Hopefully, once the conversation starts flowing, talking about finances in the future will become easier.

Talking about finances with your partner is a necessary part of a good relationship. But it can be an uncomfortable experience. This podcast gives some great advice about how and when to have ‘those conversations’.

What if I am the Wealthy One?

If you are a person with high net worth, you may want to get some legal advice at some point before getting married or living with another person for too long. Habits are difficult to change. If your prospective partner is getting you to pay for everything, and has some of the warning signs mentioned above, odds are that it will continue or get even worse in the future. Talking with a lawyer will help to ensure you don’t lose half of your capital to a broken relationship in the future.

Is There Any Financial Counselling Available?

There is an abundance of counselling services available. Many people don’t realize that they have access to free counselling through their employer. This can be very useful in order to gain some advice and tools to use just talking about your relationship in general. Sometimes this topic can become emotional and having access to someone trained in relationship counselling can be very helpful.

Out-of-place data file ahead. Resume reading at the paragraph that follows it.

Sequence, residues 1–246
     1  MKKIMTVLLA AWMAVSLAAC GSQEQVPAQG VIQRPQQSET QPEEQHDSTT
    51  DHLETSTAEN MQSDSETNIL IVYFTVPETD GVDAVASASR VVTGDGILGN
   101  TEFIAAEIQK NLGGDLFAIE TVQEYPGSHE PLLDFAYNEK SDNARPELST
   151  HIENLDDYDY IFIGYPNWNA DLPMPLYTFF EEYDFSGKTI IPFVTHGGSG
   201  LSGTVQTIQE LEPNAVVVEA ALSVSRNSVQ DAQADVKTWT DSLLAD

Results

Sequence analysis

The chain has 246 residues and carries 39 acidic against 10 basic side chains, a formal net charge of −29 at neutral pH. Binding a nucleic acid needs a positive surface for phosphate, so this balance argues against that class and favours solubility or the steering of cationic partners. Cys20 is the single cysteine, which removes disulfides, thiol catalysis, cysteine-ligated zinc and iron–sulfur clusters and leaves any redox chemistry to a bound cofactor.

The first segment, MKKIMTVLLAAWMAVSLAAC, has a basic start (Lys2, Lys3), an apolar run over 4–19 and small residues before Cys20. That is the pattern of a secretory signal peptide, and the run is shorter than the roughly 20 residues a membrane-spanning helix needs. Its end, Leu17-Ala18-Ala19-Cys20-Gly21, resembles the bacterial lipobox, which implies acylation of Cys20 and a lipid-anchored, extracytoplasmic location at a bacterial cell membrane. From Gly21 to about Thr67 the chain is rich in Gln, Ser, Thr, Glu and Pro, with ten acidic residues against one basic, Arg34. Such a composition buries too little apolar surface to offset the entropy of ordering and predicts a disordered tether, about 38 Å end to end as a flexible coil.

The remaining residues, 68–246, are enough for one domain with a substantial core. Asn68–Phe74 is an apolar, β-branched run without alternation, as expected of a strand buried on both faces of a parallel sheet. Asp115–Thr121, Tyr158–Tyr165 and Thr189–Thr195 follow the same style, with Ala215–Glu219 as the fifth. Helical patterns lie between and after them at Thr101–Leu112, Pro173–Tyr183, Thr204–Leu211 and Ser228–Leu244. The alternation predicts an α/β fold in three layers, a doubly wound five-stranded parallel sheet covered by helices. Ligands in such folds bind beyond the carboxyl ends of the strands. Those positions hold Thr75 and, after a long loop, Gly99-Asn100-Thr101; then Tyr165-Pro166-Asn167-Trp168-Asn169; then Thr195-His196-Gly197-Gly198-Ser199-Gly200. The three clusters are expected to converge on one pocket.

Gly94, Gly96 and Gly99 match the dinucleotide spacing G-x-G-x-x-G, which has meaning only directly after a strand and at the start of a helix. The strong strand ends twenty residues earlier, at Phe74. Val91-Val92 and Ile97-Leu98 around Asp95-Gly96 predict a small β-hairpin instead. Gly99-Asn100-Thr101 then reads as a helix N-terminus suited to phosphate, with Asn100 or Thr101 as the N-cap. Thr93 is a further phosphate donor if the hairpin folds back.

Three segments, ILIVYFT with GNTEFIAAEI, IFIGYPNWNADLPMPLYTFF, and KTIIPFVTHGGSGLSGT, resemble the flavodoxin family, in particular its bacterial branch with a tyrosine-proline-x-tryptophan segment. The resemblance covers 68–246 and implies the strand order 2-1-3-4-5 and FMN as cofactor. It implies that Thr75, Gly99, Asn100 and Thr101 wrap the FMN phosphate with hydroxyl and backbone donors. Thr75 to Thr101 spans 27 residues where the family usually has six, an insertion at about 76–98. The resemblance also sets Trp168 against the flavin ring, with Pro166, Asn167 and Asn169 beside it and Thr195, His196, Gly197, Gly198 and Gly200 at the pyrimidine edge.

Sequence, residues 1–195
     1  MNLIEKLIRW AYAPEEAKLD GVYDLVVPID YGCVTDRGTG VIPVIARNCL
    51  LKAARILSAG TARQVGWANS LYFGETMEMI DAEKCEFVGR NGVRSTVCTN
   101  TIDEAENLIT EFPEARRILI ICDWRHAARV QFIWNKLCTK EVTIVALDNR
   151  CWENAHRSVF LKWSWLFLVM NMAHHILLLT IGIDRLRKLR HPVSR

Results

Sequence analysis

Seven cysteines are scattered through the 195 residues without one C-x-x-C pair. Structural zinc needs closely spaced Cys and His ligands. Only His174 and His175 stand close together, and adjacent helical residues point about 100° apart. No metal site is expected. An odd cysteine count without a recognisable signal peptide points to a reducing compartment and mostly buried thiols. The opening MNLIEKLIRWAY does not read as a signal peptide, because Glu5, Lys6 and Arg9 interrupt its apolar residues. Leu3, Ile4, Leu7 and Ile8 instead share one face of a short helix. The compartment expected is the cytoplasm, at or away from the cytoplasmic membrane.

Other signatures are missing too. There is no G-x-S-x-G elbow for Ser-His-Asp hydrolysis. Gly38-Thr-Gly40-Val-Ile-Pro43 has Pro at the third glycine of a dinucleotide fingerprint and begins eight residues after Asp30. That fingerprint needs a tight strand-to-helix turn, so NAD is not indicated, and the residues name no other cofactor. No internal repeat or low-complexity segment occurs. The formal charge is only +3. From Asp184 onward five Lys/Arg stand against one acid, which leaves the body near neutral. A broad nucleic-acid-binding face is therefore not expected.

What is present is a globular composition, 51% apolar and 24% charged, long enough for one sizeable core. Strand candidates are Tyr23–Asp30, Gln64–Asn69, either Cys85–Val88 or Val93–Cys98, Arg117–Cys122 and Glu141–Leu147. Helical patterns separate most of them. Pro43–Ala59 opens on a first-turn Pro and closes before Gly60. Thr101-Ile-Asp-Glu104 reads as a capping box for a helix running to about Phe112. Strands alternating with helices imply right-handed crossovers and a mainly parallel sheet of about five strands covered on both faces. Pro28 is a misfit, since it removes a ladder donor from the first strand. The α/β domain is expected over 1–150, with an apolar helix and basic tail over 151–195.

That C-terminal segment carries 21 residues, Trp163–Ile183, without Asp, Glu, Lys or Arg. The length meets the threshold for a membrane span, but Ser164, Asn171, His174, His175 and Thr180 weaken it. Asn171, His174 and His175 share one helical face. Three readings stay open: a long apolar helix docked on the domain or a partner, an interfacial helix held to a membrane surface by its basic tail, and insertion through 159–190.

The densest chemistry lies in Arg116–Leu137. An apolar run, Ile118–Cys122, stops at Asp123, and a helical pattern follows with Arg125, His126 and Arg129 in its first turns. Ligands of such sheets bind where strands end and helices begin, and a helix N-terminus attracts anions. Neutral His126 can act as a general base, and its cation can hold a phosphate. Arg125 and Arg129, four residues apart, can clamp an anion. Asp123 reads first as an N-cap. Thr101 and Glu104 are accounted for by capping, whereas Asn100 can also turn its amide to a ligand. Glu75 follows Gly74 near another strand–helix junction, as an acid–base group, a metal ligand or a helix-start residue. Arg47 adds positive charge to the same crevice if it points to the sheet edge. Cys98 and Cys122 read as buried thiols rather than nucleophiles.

There is also pre marital counselling available. Discussing budgeting and handling debt would be discussed.

If the financial situation is already dire, the Federal Government has two programs to help a person re-organize their finances. Filing a Consumer Proposal has become the most popular way to consolidate unsecured debt in Canada. This has to be filed via a Licensed Insolvency Trustee (that’s us!)

As part of a Consumer Proposal, or a Bankruptcy filing, there are two mandatory financial counselling sessions. During these private sessions we help people set up a budget and provide advice about handling their finances in the future.

Next Steps

Dealing with debt and finances is better done sooner rather than later. By waiting you are just letting pressure build up which can lead to an explosion.

If you, or your partner, are carrying an uncomfortable debt load, please reach out to one of our convenient offices to schedule a free initial assessment. We will take a look at your situation and provide some advice as to what to do next.

Filing a Consumer Proposal or a Bankruptcy in Canada is designed to provide the honest unfortunate person a fresh financial start. Contact us to set up your appointment today and we will take the time to answer all of your questions.

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Len Hiquebran, CPA, CA, LIT

After completing my articling at a local accounting firm, I spent some time working in industry as a controller of a logging company. Subsequently, I joined Derek L. Chase & Associates Ltd. in 2017 and began working in the insolvency field. In June 2020 I completed my studies and was granted a license by the Federal Government to be a Licensed Insolvency Trustee.